“I understand the concern they didn’t write policies for this incredible peril," Freiman said, "but we must find a balance between insolvency and 100% denials of claims.”
The main pushback he's faced, Freiman said, has been about creating a legal precedent, which he says could be avoided with limited language. He equated the government mandate to President Trump’s order that insurers waive their deductibles for coronavirus testing.
“I’ve heard from restaurants and their association, and groups of dentists getting hammered by this,” he said. “Why aren’t the chambers supporting small businesses that they usually support?”
In Massachusetts, Democratic state Sen. James Eldridge modeled his bill on New Jersey’s. He says the government could be a guarantor of insurance policies at federal or state level, so tax dollars could provide a financial backstop for claims.
Insurers are pushing back in Massachusetts, too, he said, where support is splitting based on the size of establishments. Large franchises, for instance, may be able to provide a safety net for local owners.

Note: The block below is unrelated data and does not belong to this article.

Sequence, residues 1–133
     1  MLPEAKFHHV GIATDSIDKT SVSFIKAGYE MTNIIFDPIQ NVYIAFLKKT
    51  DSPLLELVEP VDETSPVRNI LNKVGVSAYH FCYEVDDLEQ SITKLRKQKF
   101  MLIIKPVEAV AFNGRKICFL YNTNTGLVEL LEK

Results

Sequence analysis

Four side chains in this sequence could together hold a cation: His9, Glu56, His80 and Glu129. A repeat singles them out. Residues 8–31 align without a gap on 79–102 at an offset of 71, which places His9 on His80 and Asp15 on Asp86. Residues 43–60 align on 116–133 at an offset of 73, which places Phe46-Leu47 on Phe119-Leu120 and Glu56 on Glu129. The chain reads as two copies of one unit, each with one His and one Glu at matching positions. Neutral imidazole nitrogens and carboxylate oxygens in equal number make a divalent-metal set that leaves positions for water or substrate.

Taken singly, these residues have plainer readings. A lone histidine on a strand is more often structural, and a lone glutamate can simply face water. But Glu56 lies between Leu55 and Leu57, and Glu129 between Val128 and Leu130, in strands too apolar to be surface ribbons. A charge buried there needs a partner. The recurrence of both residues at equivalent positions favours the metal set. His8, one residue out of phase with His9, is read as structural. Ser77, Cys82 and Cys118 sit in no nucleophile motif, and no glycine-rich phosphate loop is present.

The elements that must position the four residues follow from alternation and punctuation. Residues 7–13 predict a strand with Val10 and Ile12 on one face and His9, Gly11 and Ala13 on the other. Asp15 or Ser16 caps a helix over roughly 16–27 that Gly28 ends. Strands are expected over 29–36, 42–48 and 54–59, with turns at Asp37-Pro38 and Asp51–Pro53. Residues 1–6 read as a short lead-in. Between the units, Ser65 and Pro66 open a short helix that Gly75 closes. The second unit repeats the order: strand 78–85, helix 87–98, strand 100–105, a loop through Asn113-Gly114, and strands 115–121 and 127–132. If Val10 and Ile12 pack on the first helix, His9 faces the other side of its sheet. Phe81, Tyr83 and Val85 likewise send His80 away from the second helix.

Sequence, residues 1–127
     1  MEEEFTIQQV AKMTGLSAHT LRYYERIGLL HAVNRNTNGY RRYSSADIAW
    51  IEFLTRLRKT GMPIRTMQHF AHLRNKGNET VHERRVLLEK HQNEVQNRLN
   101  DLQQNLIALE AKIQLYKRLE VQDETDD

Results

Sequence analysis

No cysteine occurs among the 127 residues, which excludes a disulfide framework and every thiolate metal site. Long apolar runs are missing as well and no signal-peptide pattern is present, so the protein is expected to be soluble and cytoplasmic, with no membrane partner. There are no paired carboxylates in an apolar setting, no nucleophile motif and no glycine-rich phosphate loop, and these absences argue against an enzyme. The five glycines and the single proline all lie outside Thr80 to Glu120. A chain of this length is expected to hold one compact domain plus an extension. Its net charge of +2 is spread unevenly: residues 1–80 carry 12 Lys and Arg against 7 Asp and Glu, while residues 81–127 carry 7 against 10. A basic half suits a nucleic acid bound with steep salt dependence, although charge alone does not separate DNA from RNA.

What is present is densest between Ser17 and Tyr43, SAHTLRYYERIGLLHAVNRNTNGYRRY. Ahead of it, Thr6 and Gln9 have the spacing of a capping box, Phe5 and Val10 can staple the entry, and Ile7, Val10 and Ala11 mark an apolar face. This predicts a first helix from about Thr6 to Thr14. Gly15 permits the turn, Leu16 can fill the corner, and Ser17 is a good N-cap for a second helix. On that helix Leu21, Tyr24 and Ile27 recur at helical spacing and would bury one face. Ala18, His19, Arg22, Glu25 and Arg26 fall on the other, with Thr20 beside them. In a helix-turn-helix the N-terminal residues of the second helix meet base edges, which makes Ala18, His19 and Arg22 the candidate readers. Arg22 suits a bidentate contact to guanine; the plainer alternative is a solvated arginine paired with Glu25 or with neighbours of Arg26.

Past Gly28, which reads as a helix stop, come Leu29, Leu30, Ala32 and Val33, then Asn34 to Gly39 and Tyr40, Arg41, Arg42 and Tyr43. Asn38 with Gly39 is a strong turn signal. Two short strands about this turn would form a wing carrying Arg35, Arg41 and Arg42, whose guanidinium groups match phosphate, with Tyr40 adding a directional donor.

“It’s been an interesting commentary on the different types of restaurants,” Eldridge said. “The chains and big ones can weather the storm, but the pizza place doing carryout won’t – and all of those interests intersect.”
“If they go under,” he said, “all of those insurance premiums will go with them.”
Nick Penzenstadler is a reporter on the USA TODAY investigations team, focusing primarily on firearms and consumer financial protection. Contact him at firstname.lastname@example.org or @npenzenstadler, or on Signal at (720) 507-5273.